Cheshire couple sentenced for illegal money lending and money laundering

A husband and wife from Cheshire have been convicted of illegal money lending and money laundering offences.

Craig Lapenna, 57 and Samantha Lapenna, 45, who both reside in Wilmslow, were sentenced at Manchester Minshull Street Crown Court on Wednesday, March 13.

Mr Lapenna was handed a 16-month prison sentence, suspended for two years, after admitting 19 counts of illegal money lending between January 2015 and October 2017.  The defendant also pleaded guilty to one Proceeds of Crime offence.

Mrs Lapenna admitted one charge of money laundering between May 2017 and April 2018 and was handed a 12-month conditional discharge.

The case was prosecuted by the England Illegal Money Lending Team (IMLT) in partnership with Cheshire East Council Trading Standards and Cheshire Constabulary.

In May 2017, investigators from the IMLT executed a warrant at the couple’s home on Torkington Road and seized documentation and electronic storage devices.  Mr Lapenna was subsequently arrested and interviewed under caution about the allegations.

The court heard how Mr Lapenna had tried to apply for a consumer credit licence to lend money in April 2011. However the Office of Fair Trading (OFT) refused his application because it was not satisfied that the defendant was a fit and proper person.

Prosecutor Richard Barraclough QC told the court that Mr Lapenna had continued to run his illegal money lending business after his arrest.

The prosecution added that the IMLT were able to build the picture of the defendants’ business by way of emails and banking records which evidenced illegal money lending activity.

The court heard that an analysis of emails found on Mr Lapenna’s phone and iPad demonstrated that within a short time of issuing a loan to a new borrower, the defendant would create a draft email and save it into one of several different folders.  The purpose of the emails was to track the progress of the individual loans he had made.

One victim who owned a print company borrowed £15,000 from the couple to purchase new machinery for his business.  He made weekly payments of £500 to the defendants and after several months he had soon paid £21,200 in interest payments alone.  He still owed the £15,000.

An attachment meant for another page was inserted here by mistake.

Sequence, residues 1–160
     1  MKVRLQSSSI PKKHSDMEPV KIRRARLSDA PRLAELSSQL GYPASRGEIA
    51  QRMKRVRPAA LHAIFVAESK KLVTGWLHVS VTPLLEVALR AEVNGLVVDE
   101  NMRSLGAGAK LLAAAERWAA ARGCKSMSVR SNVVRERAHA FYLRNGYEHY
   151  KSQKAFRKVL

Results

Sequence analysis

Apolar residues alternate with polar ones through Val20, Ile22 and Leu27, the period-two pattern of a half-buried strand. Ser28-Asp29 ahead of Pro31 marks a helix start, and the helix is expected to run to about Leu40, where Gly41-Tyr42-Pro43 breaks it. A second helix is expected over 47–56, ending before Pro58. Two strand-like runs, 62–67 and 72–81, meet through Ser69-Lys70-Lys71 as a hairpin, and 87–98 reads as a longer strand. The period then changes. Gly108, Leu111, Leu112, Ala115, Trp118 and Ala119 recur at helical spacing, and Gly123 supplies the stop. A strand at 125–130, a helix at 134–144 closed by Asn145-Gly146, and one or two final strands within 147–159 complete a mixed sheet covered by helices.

Despite having no licence to conduct consumer credit activities, Mr Lapenna provided loans and collected the proceeds. The sums were paid into bank accounts in the name of both defendants, including their joint account.  The prosecution added that the monies were then used to finance the illegal money lending.

Speaking after the hearing, Tony Quigley head of the Illegal Money Lending Team said:

“This result will serve as a deterrent to those who continue to operate without authorisation from the Financial Conduct Authority. Mr Lapenna had operated as an approved credit broker in the past and was familiar with the law and requirements to lend money. He continued to issue interest-only loans to desperate businessmen without any formal agreements. The purpose of the legislation is to protect consumers against exploitation and the defendants flouted this.  

“The IMLT will continue to work with council and police to bring illegal money lenders to justice.”

An estimated 310,000 households nationally are borrowing from illegal money lenders, many of whom charge exorbitant rates of interest to trap people into a spiral of debt.

Frank Jordan, Cheshire East Council executive director of place, said:

“We will not tolerate unauthorised money lenders operating in our borough. Our Trading Standards team work very closely with the England Illegal Money Lending Team to take action against unregulated activities and will respond to every report made by residents.

“Illegal money lending is a serious offence and can cause real misery for people and their families already facing financial pressures.”

Nationally, Illegal Money Lending Teams have secured more than 380 prosecutions for illegal money lending and related activity, leading to nearly 330 years’ worth of custodial sentences. They have written off £73.7 million worth of illegal debt and helped over 28,000 people.

A proceeds of crime timetable has been set.

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